Globicatella sanguinis Infection in a Neonate: A Rare Case Report
Corresponding Author: Snehamayee Nayak, Department of Paediatrics, SCB Medical College & Hospital and Sardar Vallabhbhai Patel Post Graduate Institute of Paediatrics, Cuttack, Odisha, India, Phone: +91 7712572999, e-mail: email@example.com
Received on: 03 November 2022; Accepted on: 23 December 2022; Published on: 30 June 2023
Globicatella sanguinis (G. sanguinis) is a gram-positive cocci resembling viridans streptococci. Hospital-acquired infection (HAI) with G. sanguinis has been very rarely reported. Here, we are reporting a rare case of HAI by G. sanguinis in a neonate who presented with prolonged hypoglycemia.
How to cite this article: Santuka N, Nayak S. Globicatella sanguinis Infection in a Neonate: A Rare Case Report. Pediatr Inf Dis 2023;5(2):58-59.
Source of support: Nil
Conflict of interest: None
Patient consent statement: The author(s) have obtained written informed consent from the patient’s parents/legal guardians for publication of the case report details and related images.
Keywords: Globicatella sanguinis, Neonate, Sepsis.
G. sanguinis causes various infections including meningitis1 in children and adults but isolation in neonates is rare. Here, we report a rare case of isolation of G. sanguinis from the blood culture of a neonate with suspected septicemia and is the second such case ever to be reported from neonates.2
A term fifth-order male large for gestational age (LGA) baby delivered vaginally was admitted to special newborn care unit of a local hospital on D1 of life with a history of delayed cry after birth and convulsion after 6 hours of birth. At the time of admission, he had hypoglycemia with convulsions which responded to 10% dextrose injection. He was treated with oxygen, intravenous (IV) fluid, and ampicillin was given empirically. His initial sepsis screen was negative with normal serum electrolyte, urea, and creatinine. Initial blood culture revealed no growth. He had repeated convulsion on D2 and D3 of life with persistent drowsiness for which he was referred to our hospital on D4 of life. After admission to our hospital, considering the possibility of coexisting sepsis, the baby was treated with cefotaxime and amikacin along with phenobarbitone and phenytoin for convulsions and IV fluids. Due to repeated hypoglycemic episodes, he was kept on IV fluid with higher glucose infusion rate (GIR). Orogastric feeding was started but hypoglycemia persisted. Critical sample serum insulin level was 12.45 miu/mL. Inj. hydrocortisone was given in view of persistent hypoglycemia. Cerebrospinal fluid study was done and was within normal limits. As the condition of the child was not improving, antibiotic was upgraded to linezolid as per our neonatal intensive care unit (NICU) culture trends, and repeat sepsis screen was done suspecting sepsis as a cause for hypoglycemia and it came out to be positive. Repeat blood culture with 1 mL blood in a blood culture bottle was sent and processed using automated blood culture system (BACT/ALERT and VITEK 2, bioMérieux), grew G. sanguinis, which was sensitive to ampicillin, doxycycline, tetracycline, linezolid, and vancomycin. The blood sugar started improving and GIR was gradually reduced and subsequently stopped with the continuation of breastfeeding. Linezolid which was started empirically before sending investigations continued for 14 days as the baby was improving and the culture reports were supportive of it. The baby was discharged as a case of LGA, perinatal asphyxia with transient hyperinsulinism with hospital-acquired sepsis by G. sanguinis.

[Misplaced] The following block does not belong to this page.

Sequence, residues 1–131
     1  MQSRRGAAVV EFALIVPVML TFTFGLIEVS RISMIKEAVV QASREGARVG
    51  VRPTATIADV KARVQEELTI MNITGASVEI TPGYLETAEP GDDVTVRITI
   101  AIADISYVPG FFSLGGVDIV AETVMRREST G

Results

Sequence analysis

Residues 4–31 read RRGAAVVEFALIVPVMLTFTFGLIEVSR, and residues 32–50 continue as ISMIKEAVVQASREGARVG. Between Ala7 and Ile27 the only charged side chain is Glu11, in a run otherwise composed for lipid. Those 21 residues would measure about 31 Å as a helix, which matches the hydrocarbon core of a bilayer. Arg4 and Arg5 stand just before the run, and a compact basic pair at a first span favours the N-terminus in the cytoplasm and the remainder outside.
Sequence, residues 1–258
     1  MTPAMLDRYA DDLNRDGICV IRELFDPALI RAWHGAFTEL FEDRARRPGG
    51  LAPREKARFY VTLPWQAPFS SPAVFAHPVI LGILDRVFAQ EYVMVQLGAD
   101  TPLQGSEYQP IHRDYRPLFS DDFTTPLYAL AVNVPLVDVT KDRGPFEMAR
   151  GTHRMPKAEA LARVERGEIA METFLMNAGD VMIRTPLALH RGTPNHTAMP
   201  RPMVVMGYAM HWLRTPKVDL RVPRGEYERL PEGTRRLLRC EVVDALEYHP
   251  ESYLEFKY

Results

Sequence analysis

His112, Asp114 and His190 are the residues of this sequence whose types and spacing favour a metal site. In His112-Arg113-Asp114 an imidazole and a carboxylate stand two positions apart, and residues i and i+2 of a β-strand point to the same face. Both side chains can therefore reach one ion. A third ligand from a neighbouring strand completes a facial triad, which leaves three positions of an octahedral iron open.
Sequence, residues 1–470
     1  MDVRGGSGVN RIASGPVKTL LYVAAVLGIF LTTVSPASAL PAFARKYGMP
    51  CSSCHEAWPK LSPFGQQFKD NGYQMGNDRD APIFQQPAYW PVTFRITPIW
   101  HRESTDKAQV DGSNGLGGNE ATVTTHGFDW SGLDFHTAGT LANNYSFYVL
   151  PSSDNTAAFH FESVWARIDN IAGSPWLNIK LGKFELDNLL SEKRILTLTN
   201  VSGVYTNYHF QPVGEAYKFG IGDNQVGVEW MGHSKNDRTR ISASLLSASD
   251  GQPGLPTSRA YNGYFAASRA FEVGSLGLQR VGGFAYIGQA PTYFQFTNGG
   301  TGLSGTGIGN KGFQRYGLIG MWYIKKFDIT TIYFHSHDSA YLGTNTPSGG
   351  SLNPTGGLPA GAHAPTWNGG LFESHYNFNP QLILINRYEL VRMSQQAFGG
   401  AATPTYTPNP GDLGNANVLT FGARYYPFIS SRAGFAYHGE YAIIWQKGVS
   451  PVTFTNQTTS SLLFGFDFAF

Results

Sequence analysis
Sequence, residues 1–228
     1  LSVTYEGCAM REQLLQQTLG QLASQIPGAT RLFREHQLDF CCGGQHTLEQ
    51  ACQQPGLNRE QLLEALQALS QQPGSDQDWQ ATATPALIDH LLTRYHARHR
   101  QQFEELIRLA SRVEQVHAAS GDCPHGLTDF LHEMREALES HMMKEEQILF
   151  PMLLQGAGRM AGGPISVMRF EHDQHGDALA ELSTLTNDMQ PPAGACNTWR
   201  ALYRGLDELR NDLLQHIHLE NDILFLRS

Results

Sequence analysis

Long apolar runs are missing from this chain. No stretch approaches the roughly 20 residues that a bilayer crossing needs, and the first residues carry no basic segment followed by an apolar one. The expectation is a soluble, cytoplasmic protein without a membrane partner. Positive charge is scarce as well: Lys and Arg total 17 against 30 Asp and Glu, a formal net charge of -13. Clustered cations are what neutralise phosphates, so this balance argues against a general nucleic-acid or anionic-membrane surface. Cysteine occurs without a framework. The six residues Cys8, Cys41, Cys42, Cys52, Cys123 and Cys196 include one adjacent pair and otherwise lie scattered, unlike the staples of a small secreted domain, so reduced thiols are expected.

In 1992, on the basis of differences in ecology and 16S rRNA sequence, Collins et al.3 separated all human strains of Streptococcus uberis into a new genus and species, G. sanguinis. Globicatella grow as small, α-hemolytic colonies of gram-positive cocci in chains. Certain characteristics can be helpful in differentiating Globicatella spp. and viridans group streptococci. Distinguishing G. sanguinis from viridans group streptococci carries important therapeutic implications because Globicatella typically demonstrates elevated minimum inhibitory concentrations (MICs) to ceftriaxone and low MICs to penicillin, a pattern considered unusual for most viridans group streptococci.4 Isolation of these organisms in NICU indicates a matter of utmost concern considering the difficulty in isolating and identifying the organism and also indicating the expanding arena of organisms causing neonatal sepsis.
Emphasis also needs to be put on the handling and holistic care of the newborn instead of just focusing on the clinical condition. In our case, measures of asepsis at the primary care center and during transport become vital. Multiple needle punctures for investigations and frequent change of IV lines also predispose to development of sepsis. The importance of stepwise and proper handwashing cannot be overemphasized.
Snehamayee Nayak https://orcid.org/0000-0003-1436-8204
2. Devi U, Bora R, Malik V, et al. Isolation of globicatella sanguinis from cerebrospinal fluid of a neonate. Int J Biol Med Res 2016;7:5760–5762.
3. Collins MD, Aguirre M, Facklam RR, et al. Globicatella sanguis gen. nov., sp. nov., a new gram-positive catalase-negative bacterium from human sources. J Appl Bacteriol 1992;73(5):433–437. DOI: 10.1111/j.1365-2672.1992.tb05000.x
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